PETALING JAYA (THE STAR/ASIA NEWS NETWORK) - First he was a taxi driver, then he was an Alam Flora waste management worker and now, he is a waiter at a "mamak" restaurant.
He is a part-time actor, it would seem, but you might better recognise him as Malaysia's Youth and Sports Minister Khairy Jamaluddin.
Wearing a dark blue polo and a yellow apron, Mr Khairy is seen taking and delivering orders, and cleaning tables in his latest acting role.
In typical "mamak waiter" slang, he even calls customers "boss", as part of a video on the ruling coalition Barisan Nasional's youth manifesto.
He also played the role of Ahmad Khairy Jamal Udeen Chowdhury from Chittagong, Bangladesh, a Alam Flora waste management worker, to raise awareness on waste separation in a 2016 video.
The 59-second Barisan video features two former schoolmates who bump into each other at the mamak shop after 15 years.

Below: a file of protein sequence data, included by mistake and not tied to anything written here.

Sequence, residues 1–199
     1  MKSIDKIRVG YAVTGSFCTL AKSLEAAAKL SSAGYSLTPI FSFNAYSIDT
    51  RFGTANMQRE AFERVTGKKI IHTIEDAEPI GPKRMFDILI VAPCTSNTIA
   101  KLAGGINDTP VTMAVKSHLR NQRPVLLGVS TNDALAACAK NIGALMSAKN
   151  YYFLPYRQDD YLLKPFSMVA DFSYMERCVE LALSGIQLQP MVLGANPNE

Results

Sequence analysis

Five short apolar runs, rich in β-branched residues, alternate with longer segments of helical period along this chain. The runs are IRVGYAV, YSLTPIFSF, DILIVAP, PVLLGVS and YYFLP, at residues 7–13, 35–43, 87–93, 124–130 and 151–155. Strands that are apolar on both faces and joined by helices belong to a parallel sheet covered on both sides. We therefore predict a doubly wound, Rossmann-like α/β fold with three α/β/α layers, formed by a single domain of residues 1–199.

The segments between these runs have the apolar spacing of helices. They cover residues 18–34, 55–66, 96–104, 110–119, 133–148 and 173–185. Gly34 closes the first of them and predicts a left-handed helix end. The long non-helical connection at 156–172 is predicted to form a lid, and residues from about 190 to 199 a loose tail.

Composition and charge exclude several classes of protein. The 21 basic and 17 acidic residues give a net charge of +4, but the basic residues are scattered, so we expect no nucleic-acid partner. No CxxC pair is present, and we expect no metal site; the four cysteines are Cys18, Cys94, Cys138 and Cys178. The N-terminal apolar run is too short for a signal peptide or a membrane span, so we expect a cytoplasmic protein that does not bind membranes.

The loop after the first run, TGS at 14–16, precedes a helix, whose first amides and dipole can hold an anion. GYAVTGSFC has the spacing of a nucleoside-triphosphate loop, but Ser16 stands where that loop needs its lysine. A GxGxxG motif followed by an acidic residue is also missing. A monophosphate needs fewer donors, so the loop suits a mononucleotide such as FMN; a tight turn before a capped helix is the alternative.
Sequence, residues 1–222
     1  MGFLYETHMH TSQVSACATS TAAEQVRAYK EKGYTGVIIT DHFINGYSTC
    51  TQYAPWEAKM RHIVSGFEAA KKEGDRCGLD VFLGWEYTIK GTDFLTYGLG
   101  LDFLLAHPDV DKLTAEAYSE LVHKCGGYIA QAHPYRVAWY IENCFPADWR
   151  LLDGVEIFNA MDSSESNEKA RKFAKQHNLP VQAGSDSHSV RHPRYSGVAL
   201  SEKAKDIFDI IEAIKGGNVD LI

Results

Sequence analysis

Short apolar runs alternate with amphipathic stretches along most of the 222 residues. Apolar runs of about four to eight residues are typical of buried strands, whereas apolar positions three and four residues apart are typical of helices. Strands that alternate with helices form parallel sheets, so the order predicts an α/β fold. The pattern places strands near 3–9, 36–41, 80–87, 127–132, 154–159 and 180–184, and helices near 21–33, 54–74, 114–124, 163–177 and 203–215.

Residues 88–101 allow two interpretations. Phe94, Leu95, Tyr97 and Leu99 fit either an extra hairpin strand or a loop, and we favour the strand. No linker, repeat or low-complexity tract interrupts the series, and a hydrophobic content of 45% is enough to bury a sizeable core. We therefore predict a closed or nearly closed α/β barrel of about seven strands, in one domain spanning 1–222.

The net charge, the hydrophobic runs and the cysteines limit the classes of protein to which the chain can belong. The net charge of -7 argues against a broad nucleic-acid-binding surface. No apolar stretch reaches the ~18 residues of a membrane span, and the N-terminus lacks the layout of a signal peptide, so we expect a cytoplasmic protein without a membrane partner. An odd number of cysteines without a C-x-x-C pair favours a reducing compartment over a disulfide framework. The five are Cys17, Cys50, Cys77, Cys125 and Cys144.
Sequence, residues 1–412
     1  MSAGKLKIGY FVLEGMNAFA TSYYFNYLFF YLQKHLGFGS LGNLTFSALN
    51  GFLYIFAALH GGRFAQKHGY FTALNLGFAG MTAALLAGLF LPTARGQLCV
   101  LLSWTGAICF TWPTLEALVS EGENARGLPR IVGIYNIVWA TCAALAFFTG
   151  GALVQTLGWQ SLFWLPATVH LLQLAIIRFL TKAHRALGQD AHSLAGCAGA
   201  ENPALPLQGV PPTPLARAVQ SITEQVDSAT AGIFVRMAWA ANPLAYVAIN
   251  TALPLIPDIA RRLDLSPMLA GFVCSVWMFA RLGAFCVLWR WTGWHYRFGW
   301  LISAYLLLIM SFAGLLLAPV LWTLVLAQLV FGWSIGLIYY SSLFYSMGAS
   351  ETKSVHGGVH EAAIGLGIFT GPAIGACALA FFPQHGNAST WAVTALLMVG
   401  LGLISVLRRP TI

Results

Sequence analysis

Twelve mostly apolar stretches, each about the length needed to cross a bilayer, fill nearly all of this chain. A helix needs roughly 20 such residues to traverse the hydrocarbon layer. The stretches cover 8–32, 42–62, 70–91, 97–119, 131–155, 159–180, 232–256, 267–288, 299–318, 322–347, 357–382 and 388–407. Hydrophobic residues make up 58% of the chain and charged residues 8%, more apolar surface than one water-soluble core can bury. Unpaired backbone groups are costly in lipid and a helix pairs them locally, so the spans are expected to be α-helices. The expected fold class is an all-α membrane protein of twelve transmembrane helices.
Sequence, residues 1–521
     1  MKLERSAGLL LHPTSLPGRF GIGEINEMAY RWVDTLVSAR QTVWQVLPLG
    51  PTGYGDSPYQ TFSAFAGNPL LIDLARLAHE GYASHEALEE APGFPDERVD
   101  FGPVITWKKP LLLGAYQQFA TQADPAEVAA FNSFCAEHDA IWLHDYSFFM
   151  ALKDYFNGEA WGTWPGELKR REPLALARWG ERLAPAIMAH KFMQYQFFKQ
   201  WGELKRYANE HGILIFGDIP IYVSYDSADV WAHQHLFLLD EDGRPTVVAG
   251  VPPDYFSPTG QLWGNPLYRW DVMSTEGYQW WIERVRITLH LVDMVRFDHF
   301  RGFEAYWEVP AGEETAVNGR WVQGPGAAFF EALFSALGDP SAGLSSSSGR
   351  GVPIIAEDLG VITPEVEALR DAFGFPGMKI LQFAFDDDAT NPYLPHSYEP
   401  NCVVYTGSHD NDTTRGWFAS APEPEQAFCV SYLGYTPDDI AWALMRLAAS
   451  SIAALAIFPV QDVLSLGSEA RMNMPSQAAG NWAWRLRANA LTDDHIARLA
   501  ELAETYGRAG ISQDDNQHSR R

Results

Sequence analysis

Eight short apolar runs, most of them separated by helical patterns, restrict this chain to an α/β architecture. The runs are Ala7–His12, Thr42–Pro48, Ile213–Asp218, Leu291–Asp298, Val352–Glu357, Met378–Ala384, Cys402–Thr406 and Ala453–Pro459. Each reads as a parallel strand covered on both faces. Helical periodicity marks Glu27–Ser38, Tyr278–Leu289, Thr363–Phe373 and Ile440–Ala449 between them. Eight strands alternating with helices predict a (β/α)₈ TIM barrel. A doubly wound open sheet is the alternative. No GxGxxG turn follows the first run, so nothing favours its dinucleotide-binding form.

After exchanging pleasantries, the male lead says that he has been working as a technician for 15 years.
The female lead tells him that he can increase his income by learning new skills such as coding, web design and e-commerce.
She suggests that he takes up a class to help him get a promotion or to enable him to do freelance work to increase his income.
In a Facebook post, Mr Khairy - reprising his real-life role of caretaker minister - said that the manifesto touches on salary market configuration, fair works commission, incentives to learn new skills online, and free software for work use.
"Although we have achieved a lot over the past five years, the public is still concerned over the existing pay level," he said.
"I've heard you loud and clear. That is why raising the salary amount will be a priority for Barisan Nasional if we are given the mandate to form the government," he added.
Mr Khairy's youth manifesto was launched earlier this month and touches on employment opportunities and skills training; increasing income and improving skills; economic empower for youth in rural areas; aiding youth entrepreneurs; easing the burdens of young families; improving the quality of life; ensuring opportunities for the whole youth segment; and ensuring that youths continue to play an important role for the National Transformation 2050 (TN50) programme.
This is the first time Barisan has drawn up a manifesto just for youths.